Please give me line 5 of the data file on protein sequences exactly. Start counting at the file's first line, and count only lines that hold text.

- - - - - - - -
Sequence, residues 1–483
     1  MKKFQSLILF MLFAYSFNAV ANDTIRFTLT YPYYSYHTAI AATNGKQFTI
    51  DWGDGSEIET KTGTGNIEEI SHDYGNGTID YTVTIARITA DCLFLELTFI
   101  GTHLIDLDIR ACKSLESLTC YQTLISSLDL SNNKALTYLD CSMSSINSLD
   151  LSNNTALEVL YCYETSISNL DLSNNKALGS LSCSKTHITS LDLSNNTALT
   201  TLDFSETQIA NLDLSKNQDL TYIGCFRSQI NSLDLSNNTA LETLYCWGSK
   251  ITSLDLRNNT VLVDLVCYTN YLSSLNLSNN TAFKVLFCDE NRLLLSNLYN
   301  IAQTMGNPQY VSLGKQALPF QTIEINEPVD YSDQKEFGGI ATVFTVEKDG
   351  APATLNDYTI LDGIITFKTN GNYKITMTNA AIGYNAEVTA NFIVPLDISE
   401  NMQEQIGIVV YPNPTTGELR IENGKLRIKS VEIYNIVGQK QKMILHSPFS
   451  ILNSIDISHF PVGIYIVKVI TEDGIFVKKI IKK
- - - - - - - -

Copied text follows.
   151  LSNNTALEVL YCYETSISNL DLSNNKALGS LSCSKTHITS LDLSNNTALT